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Leica X2 vs Sony A7R III

The Leica X2 and the Sony Alpha A7R III are two digital cameras that were officially introduced, respectively, in May 2012 and October 2017. The X2 is a fixed lens compact, while the A7R III is a mirrorless interchangeable lens camera. The cameras are based on an APS-C (X2) and a full frame (A7R III) sensor. The Leica has a resolution of 16.1 megapixels, whereas the Sony provides 42.2 MP.

Below is an overview of the main specs of the two cameras as a starting point for the comparison.

Headline Specifications
Leica X2 versus Sony A7R III
Leica X2 Sony A7R III
Fixed lens compact camera Mirrorless system camera
36mm f/2.8 Sony E mount lenses
16.1 MP, APS-C Sensor 42.2 MP, Full Frame Sensor
no Video 4K/30p Video
ISO 100-12,500 ISO 100-32,000 (50 - 102,400)
Viewfinder optional Electronic viewfinder (3686k dots)
2.7 LCD, 230k dots 3.0 LCD, 1440k dots
Fixed screen (not touch-sensitive) Tilting touchscreen
5 shutter flaps per second 10 shutter flaps per second
no shake reductionIn-body stabilization
not weather sealedWeathersealed body
450 shots per battery charge650 shots per battery charge
124 x 69 x 52 mm, 345 g 127 x 96 x 74 mm, 650 g

Going beyond this snapshot of core features and characteristics, what are the differences between the Leica X2 and the Sony Alpha A7R III? Which one should you buy? Read on to find out how these two cameras compare with respect to their body size, their imaging sensors, their shooting features, their input-output connections, and their reception by expert reviewers.

Body comparison

An illustration of the physical size and weight of the Leica X2 and the Sony A7R III is provided in the side-by-side display below. The two cameras are presented according to their relative size. Three consecutive views from the front, the top, and the rear side are shown. All width, height and depth measures are rounded to the nearest millimeter.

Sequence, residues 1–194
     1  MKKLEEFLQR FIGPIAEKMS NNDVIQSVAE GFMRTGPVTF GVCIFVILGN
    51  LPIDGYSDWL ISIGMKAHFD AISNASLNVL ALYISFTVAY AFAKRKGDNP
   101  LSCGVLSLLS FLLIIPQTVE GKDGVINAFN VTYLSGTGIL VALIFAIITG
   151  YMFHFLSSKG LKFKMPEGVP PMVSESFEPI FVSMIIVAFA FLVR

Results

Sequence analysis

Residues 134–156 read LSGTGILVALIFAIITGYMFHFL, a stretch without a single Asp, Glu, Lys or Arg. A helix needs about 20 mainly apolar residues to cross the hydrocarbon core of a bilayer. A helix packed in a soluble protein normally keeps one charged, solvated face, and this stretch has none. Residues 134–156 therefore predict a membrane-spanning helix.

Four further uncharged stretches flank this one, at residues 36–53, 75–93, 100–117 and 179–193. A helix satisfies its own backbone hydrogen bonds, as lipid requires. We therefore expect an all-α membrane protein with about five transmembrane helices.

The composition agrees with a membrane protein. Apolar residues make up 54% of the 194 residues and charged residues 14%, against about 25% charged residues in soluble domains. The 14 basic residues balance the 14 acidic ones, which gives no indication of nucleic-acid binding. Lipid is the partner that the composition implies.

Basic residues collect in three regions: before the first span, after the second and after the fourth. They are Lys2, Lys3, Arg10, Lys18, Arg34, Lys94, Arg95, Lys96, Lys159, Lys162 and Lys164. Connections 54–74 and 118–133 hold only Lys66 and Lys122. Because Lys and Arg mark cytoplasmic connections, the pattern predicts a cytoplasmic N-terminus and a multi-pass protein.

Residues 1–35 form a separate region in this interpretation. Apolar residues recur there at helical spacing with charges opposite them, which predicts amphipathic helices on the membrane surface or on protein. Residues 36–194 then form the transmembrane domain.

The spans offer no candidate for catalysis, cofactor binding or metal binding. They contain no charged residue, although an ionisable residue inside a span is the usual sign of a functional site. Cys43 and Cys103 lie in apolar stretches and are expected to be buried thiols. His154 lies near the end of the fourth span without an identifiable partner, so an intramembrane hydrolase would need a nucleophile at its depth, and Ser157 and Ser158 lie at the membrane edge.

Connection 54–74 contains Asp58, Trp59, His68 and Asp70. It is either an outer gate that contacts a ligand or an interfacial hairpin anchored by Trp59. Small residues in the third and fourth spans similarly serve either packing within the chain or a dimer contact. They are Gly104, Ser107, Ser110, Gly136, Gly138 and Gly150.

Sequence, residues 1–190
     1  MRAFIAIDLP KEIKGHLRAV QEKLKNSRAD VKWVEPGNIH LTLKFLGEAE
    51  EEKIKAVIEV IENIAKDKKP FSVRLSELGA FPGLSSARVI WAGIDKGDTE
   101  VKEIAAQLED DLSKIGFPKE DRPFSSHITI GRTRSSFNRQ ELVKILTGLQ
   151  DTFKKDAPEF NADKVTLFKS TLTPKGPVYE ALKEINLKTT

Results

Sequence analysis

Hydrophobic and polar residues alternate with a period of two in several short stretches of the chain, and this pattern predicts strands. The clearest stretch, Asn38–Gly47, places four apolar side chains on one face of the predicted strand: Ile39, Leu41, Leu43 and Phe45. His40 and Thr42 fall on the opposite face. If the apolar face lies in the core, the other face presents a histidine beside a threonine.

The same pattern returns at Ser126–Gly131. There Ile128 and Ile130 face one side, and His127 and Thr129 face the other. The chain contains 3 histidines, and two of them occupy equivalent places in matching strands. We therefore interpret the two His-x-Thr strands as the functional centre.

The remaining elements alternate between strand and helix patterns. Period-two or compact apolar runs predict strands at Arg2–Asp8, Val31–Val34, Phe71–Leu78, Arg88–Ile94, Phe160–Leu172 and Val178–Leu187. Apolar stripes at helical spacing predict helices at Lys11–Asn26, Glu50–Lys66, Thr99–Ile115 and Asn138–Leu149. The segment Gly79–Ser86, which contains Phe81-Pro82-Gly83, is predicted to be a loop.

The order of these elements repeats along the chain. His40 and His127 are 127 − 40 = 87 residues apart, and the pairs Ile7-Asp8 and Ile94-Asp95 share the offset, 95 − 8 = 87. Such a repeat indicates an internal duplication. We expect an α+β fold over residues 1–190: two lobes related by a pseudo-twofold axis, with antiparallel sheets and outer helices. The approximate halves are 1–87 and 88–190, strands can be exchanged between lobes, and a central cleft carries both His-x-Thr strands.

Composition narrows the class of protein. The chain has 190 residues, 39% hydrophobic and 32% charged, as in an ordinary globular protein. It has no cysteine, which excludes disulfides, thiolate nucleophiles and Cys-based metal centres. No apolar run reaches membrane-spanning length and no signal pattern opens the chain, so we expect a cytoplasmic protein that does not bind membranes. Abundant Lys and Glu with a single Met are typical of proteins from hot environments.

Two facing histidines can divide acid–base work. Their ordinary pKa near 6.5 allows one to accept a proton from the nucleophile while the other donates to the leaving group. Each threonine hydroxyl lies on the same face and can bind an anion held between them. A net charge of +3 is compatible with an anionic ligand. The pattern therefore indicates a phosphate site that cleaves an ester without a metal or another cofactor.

The X2 can be obtained in two different colors (black, silver), while the A7R III is only available in black.

Size Leica X2 vs Sony A7R III
Compare X2 versus A7R III top
Comparison X2 or A7R III rear

If the front view area (width x height) of the cameras is taken as an aggregate measure of their size, the Sony A7R III is considerably larger (42 percent) than the Leica X2. It is noteworthy in this context that the A7R III is splash and dust-proof, while the X2 does not feature any corresponding weather-sealing.

The above size and weight comparisons are to some extent incomplete and possibly misleading, as the X2 has a lens built in, whereas the A7R III is an interchangeable lens camera that requires a separate lens. Attaching the latter will add extra weight and bulk to the setup. You can compare the optics available for the A7R III and their specifications in the Sony FE Lens Catalog.